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WHAT RIGHTS HAVE A PRIVATE COMPANY TO REFUSE SERVICE?

More than what they ought to have.

About two years ago I was chatting with my wife through Messenger, the Facebook-owned application. It suddenly froze and demanded to know what we were discussing as it flagged a “keyword” it did not like... In fact, we were not discussing anything illegal or related to anything illegal or unlawful. The flagging clearly showed that despite the numerous claims of privacy there is powerful software running in the background and monitoring every word that you say or type and in all known languages. It is neither safe nor private to use any internet device.

The suppression of freedom of speech, because this is what it is, you have to be very careful in what you say, has gone further now to the final steps where a private company will now decide if you should communicate or not. Just this week a Palestinian hero, Leila Khaled, was refused permission by Zoom to give an online lecture organized by San Francisco State University Department of Arab and Muslim Ethnicities and Diasporas Studies on “Teaching Palestine.” She could not because Zoom will not allow it.

Now it is so that one man’s terrorist is another’s freedom fighter. I wish not to debate the reasons behind the suppression. You can judge for yourself. As background, Khaled was part of a team that hijacked TWA Flight 840 on its way from Rome to Tel Aviv in August 1969. There were no casualties, but the airframe was severely damaged when the nose was blown off (after being emptied of passengers and crew). The next year she tried to hijack an El Al flight from Amsterdam to New York City. Her partner was shot dead by Israeli air marshals and she was overpowered. The aircraft diverted to London where she was arrested. She is not known to have participated in any other terrorist activities and is now 76 years old.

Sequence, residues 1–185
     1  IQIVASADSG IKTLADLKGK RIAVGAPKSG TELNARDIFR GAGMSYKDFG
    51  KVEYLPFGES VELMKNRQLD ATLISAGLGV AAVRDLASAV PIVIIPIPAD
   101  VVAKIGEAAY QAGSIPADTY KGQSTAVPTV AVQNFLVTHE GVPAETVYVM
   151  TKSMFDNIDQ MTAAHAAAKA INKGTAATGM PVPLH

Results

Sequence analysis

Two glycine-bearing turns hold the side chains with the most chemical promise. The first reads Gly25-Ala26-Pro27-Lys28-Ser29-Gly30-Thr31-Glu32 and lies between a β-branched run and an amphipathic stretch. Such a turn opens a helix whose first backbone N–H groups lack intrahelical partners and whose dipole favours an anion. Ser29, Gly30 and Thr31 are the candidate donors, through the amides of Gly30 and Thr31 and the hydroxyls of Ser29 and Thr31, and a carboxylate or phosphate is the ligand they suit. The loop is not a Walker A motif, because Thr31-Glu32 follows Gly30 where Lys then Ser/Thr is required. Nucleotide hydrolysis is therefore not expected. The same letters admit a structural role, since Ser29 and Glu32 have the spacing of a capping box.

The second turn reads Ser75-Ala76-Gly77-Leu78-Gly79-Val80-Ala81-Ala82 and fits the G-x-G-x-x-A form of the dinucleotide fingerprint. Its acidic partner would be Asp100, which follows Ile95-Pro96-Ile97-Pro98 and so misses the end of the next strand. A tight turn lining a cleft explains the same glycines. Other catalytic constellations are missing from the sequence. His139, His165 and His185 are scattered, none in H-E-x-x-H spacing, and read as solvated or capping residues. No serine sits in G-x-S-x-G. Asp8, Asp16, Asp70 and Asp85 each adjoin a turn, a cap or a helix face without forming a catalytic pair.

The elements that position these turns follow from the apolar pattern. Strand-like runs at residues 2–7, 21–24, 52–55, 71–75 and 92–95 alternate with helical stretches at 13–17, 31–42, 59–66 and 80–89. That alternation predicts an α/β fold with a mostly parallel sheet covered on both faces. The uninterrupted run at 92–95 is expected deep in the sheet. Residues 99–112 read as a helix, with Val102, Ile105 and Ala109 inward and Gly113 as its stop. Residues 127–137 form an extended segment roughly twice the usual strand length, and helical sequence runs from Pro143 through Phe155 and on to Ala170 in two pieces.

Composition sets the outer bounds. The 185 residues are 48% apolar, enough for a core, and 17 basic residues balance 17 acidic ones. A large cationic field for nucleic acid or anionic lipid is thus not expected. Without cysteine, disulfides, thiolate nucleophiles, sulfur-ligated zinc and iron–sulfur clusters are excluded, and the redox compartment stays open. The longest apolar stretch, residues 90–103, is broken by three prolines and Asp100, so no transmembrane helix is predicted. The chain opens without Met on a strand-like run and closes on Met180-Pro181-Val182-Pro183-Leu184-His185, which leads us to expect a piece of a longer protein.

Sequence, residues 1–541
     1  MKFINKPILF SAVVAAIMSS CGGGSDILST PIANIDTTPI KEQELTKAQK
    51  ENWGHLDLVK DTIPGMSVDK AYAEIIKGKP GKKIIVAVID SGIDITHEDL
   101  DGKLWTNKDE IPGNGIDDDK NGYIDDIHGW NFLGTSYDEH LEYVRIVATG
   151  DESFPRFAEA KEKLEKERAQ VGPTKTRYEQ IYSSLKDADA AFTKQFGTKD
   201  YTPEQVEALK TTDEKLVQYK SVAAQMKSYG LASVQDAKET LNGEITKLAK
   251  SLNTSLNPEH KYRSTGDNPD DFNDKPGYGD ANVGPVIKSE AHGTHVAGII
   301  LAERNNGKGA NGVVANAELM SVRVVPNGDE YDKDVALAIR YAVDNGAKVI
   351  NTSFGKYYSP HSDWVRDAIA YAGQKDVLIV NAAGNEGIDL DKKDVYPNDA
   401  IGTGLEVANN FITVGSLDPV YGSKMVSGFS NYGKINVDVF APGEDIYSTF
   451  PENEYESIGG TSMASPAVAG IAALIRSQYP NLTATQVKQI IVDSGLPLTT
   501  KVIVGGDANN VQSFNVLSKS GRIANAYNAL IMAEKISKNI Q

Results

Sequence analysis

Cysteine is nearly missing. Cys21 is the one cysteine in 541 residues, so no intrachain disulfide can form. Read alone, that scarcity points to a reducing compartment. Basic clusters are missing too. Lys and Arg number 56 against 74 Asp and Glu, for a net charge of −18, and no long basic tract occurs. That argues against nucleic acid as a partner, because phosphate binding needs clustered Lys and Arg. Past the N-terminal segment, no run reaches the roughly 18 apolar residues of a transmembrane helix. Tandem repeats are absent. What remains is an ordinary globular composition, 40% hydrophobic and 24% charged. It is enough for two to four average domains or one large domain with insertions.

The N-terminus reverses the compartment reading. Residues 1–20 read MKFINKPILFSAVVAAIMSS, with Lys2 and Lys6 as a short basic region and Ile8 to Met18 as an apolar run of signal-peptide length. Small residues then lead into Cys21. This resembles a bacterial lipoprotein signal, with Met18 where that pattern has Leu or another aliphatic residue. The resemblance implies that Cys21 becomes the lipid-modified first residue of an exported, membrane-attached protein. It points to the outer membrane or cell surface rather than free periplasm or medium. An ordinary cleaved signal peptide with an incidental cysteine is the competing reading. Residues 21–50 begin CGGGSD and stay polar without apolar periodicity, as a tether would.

It came out that it was not only Zoom that refused her a platform but also YouTube and Facebook. The companies cited the refusal as part of their compliance with US export control, sanctions, and anti-terrorism laws. The question here is whether a private company has the right to refuse you service? The answer in law is yes. They don’t even need to give reasons, but it should not be on race, religion, or sexuality, or will be inherently unlawful. Dare we add political beliefs to this list? Well, it should not be there but already is and will stay there. Such is life, you will be monitored and refused service if you are outside the “rules” of those controlling your communications. It is an extremely dangerous road to be on since it is wide open for abuse. I suspect that these lockdowns have that in mind, to force you to communicate via highly controlled networks.

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